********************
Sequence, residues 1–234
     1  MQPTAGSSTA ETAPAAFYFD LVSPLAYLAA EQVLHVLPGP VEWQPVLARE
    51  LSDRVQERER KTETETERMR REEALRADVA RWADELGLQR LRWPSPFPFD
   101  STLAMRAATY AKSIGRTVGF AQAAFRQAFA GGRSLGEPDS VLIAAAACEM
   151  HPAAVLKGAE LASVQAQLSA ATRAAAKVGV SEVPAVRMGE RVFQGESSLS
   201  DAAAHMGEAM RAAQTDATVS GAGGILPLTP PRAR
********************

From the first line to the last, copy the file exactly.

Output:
Sequence, residues 1–234
     1  MQPTAGSSTA ETAPAAFYFD LVSPLAYLAA EQVLHVLPGP VEWQPVLARE
    51  LSDRVQERER KTETETERMR REEALRADVA RWADELGLQR LRWPSPFPFD
   101  STLAMRAATY AKSIGRTVGF AQAAFRQAFA GGRSLGEPDS VLIAAAACEM
   151  HPAAVLKGAE LASVQAQLSA ATRAAAKVGV SEVPAVRMGE RVFQGESSLS
   201  DAAAHMGEAM RAAQTDATVS GAGGILPLTP PRAR